Cardinal Joseph Zen Ze-kiun of Hong Kong is set to stand trial with five others in September over their alleged failure to register a protester relief fund as a society.
The cardinal served as a trustee of the 612 Humanitarian Relief Fund, which helped pro-democracy protesters in the special administrative region of Hong Kong to pay their legal fees.
A report on the Hong Kong Free Press said a five-day trial – scheduled between September 19 and 23 – has already been set following a pre-trial review hearing at the West Kowloon Magistrates’ Courts on Tuesday, August 9.
Among those accused with Cardinal Zen are other former trustees of the Relief Fund — barrister Margaret Ng, singer-activist Denise Ho, cultural studies scholar Hui Po-keung, ex-legislator Cyd Ho and activist Sze Ching-wee. They all pleaded not guilty to the allegations.
The five trustees of the defunct fund were arrested under the Beijing-imposed national security law in May for allegedly colluding with foreign forces.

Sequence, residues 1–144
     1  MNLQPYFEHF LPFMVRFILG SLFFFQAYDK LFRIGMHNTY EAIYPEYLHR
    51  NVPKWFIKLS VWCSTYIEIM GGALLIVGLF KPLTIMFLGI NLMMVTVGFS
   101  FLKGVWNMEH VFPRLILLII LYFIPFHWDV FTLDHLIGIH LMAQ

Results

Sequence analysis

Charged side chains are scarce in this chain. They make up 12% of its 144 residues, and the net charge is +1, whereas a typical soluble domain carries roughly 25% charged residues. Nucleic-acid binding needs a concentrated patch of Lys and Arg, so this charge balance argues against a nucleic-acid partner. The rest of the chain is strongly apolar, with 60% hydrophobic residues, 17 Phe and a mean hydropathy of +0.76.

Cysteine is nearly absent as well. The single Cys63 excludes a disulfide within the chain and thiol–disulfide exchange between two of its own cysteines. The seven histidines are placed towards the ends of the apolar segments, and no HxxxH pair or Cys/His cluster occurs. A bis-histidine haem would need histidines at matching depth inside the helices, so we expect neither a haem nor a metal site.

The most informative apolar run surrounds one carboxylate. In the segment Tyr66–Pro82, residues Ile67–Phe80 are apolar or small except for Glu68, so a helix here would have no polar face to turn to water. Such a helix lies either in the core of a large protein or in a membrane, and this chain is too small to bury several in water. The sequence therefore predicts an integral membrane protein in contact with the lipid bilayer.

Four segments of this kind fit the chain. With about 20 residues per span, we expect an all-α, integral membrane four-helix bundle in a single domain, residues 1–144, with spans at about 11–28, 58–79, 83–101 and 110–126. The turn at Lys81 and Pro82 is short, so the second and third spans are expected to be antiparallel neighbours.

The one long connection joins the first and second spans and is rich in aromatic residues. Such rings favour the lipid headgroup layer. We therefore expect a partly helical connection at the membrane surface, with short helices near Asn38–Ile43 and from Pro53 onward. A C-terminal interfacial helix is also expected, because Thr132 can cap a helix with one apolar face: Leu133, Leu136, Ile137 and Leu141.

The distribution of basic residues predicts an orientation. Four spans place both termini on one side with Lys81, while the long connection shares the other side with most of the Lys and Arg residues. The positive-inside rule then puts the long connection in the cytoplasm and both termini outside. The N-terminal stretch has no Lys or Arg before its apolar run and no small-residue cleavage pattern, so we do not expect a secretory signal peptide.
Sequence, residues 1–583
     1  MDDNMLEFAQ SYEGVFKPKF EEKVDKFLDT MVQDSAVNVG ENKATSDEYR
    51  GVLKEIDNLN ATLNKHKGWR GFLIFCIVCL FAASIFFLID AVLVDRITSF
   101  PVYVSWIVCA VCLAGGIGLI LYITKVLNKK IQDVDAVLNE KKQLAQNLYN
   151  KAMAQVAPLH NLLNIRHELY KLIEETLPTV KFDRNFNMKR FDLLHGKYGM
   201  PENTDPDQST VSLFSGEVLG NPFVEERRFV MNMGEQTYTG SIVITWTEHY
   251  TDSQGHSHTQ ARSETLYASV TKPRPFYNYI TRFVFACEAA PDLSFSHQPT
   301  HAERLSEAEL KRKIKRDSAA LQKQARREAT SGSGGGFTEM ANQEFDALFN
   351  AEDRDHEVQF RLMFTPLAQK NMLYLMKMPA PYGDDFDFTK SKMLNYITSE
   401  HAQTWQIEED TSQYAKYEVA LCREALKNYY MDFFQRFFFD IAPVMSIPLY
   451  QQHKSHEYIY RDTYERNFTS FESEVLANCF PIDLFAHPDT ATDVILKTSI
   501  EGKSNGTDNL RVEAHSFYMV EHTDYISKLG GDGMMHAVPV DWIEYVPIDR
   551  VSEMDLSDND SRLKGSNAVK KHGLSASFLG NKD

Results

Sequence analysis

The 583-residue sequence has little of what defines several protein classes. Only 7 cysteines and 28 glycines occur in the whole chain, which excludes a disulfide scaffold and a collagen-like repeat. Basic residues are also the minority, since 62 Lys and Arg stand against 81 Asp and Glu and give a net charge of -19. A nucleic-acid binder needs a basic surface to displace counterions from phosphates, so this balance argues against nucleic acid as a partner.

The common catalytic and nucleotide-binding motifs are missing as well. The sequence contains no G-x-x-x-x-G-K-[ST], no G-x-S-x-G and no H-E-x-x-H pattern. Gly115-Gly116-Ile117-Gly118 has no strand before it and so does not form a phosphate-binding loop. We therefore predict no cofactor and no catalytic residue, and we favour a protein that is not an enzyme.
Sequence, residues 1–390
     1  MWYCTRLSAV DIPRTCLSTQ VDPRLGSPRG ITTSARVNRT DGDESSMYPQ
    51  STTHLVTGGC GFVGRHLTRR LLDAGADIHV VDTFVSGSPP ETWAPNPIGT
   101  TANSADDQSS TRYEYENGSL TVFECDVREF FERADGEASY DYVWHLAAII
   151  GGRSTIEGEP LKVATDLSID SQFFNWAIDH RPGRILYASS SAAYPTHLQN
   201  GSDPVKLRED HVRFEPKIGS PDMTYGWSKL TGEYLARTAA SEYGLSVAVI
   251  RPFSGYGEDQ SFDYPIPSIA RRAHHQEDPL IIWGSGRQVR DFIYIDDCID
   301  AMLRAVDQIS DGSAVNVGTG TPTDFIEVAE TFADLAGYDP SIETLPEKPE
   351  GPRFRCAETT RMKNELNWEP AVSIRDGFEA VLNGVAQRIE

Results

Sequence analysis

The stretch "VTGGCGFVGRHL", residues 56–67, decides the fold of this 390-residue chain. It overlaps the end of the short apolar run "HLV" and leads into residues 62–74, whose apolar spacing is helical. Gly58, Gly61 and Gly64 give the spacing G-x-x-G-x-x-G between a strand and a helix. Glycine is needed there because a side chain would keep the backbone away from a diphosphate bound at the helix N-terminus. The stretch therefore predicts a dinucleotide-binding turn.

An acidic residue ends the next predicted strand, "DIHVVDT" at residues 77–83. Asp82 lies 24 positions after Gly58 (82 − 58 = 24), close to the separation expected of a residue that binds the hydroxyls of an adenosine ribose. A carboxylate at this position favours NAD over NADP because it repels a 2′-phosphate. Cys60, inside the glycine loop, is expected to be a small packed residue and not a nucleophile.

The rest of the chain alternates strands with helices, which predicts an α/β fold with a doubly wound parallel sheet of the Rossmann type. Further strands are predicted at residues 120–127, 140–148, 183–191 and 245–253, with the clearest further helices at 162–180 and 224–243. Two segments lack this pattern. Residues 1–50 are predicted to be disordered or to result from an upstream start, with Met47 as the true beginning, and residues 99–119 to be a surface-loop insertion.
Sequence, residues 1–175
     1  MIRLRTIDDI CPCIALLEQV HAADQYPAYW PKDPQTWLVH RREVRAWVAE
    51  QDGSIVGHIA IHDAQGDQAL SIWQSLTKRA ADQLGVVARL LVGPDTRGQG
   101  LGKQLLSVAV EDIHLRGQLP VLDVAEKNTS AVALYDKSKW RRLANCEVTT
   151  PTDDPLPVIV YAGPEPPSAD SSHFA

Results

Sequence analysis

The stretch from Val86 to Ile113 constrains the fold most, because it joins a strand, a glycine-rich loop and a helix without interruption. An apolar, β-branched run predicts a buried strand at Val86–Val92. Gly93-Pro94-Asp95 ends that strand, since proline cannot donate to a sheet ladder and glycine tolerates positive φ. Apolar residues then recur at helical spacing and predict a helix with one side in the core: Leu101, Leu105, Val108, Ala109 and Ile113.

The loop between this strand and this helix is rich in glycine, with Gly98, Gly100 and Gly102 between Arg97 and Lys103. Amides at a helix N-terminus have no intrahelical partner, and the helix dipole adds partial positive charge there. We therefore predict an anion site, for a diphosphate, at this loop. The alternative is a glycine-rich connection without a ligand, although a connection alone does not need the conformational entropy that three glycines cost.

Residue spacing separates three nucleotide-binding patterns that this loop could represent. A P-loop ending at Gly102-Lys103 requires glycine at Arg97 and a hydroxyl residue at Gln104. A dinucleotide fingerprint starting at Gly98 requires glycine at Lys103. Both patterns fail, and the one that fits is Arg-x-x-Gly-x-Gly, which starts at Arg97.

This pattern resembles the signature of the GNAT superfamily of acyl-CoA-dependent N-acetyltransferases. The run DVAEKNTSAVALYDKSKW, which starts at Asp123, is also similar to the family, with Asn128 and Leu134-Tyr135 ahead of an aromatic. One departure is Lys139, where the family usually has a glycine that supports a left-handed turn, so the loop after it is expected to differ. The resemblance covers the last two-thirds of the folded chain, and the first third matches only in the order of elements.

The media report said a pre-trial review questionnaire filled out by the defense suggested that the court would hear legal disputes concerning the Hong Kong Bill of Rights Ordinance.
The ordinance provides for the incorporation of the International Covenant on Civil and Political Rights provisions as applied to Hong Kong into local laws.
In 2020, a sweeping National Security Law came into force, criminalizing previously protected civil liberties under the headings of “sedition“ and “foreign collusion.”
The defense has yet to inform the prosecution on their points of argument, said the news report, quoting Anthony Chau, acting deputy director of Public Prosecutions (Special Duties).
In May, the president of the Federation of Asian Bishops’ conferences, Cardinal Charles Maung Bo of Yangon, expressed “profound concern about the situation for human rights and threats to religious freedom in Hong Kong” in light of the charges against Cardinal Zen and his arrest.